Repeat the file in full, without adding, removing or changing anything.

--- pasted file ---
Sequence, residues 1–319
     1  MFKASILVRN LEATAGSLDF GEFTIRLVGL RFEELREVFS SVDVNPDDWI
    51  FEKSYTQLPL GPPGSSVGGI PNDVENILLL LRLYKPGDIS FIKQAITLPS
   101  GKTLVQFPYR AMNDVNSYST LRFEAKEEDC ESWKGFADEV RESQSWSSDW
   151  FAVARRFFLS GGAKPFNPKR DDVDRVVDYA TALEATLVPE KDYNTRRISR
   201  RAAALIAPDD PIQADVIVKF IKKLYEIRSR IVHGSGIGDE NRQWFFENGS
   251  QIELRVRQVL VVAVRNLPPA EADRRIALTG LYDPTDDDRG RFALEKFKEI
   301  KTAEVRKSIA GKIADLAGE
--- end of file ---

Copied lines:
Sequence, residues 1–319
     1  MFKASILVRN LEATAGSLDF GEFTIRLVGL RFEELREVFS SVDVNPDDWI
    51  FEKSYTQLPL GPPGSSVGGI PNDVENILLL LRLYKPGDIS FIKQAITLPS
   101  GKTLVQFPYR AMNDVNSYST LRFEAKEEDC ESWKGFADEV RESQSWSSDW
   151  FAVARRFFLS GGAKPFNPKR DDVDRVVDYA TALEATLVPE KDYNTRRISR
   201  RAAALIAPDD PIQADVIVKF IKKLYEIRSR IVHGSGIGDE NRQWFFENGS
   251  QIELRVRQVL VVAVRNLPPA EADRRIALTG LYDPTDDDRG RFALEKFKEI
   301  KTAEVRKSIA GKIADLAGE